Date of Award
Master of Arts (Christian Studies) - MA (CSt)
First Advisor/Committee Member
Marcia Webb, M.Div., Ph.D., Associate Professor of Clinical Psychology
mental illness, Sunday school, curricula, Free Methodist Church, storytelling, disability studies, body of Christ
This thesis explores perceptions and attitudes toward mental illness in the church through a literature review of existing research in psychology, supported by a qualitative study of participants in a Sunday School series on mental illness. The four-week course was taught in a class of adults in their twenties and thirties in a Free Methodist church. The results from the study largely support the empirical literature that suggests the church holds primarily negative perceptions and attitudes toward mental illness and the persons it affects. However, the study also suggested that education may encourage self-analysis of negative attitudes and behaviors toward mental illness and change existing perceptions. In addition, the study showed that storytelling was the most impactful means of changing perceptions and alleviating the stigma surrounding mental illness. The literature review and the qualitative study were used to develop a preliminary theological approach to mental illness. Building on the framework of disability studies, this thesis discusses mental illness through exploring the concept of the stranger, the nature of humanness, and the body of Christ as an interdependent community that becomes a place of belonging for persons with mental illness.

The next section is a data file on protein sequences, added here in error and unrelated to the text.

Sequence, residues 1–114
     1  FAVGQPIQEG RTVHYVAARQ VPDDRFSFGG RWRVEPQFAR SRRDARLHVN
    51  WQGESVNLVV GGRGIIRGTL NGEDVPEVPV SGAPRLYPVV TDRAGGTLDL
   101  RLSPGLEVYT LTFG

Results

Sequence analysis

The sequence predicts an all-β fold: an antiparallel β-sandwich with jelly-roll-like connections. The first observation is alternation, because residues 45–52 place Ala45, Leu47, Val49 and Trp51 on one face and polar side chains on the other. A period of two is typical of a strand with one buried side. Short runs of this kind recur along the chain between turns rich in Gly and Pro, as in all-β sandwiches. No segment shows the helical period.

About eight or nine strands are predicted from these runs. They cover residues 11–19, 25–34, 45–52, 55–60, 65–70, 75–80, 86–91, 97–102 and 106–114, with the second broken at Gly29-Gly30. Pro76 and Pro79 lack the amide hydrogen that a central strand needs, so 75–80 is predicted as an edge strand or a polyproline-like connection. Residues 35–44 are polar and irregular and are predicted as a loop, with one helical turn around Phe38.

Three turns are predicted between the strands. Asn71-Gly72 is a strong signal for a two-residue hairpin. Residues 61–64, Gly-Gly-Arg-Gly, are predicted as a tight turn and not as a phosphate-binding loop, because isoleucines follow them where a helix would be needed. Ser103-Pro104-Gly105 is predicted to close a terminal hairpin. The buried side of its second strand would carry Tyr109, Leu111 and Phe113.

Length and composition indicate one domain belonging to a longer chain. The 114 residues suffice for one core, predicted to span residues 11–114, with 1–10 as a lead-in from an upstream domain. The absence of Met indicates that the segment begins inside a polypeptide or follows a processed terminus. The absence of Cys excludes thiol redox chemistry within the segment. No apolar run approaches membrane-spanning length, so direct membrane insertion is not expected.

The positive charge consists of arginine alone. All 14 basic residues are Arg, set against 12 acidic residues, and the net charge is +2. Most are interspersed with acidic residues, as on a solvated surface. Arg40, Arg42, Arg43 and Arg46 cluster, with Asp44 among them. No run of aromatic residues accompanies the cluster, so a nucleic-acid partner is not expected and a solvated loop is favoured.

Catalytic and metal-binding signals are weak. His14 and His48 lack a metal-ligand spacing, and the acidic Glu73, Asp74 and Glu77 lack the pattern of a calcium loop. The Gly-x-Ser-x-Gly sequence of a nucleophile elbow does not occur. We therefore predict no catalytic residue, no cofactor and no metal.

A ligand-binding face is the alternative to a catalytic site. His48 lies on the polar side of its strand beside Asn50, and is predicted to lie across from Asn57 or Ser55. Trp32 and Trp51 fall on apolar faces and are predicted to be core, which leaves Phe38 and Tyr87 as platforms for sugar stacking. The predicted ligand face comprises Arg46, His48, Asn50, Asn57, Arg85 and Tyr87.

Hamshar, Megan M., "Responses to a Sunday School Curriculum on Mental Illness in the Church" (2014). Theses and Dissertations. 7.